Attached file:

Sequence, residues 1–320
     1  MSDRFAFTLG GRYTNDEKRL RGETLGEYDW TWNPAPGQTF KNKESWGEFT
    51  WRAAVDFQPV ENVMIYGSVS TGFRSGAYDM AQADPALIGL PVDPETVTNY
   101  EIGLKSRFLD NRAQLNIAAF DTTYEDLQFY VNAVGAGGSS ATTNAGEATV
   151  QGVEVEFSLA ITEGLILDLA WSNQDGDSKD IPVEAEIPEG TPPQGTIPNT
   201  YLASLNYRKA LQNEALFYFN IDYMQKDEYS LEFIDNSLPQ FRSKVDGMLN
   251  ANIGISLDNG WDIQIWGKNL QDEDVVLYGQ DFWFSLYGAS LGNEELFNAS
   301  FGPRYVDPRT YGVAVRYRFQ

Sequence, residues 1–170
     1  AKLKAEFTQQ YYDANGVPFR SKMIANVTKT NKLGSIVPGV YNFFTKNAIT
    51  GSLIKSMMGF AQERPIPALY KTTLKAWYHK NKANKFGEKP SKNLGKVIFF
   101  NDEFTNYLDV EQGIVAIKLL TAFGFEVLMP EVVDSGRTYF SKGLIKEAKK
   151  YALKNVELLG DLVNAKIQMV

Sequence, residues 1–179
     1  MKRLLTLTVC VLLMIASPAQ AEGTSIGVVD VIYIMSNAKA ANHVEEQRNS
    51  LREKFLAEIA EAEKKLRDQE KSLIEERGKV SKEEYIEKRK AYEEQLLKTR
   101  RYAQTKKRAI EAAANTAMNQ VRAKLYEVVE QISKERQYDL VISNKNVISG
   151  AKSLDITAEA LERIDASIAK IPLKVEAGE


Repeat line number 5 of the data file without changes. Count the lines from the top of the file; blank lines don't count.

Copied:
   151  QGVEVEFSLA ITEGLILDLA WSNQDGDSKD IPVEAEIPEG TPPQGTIPNT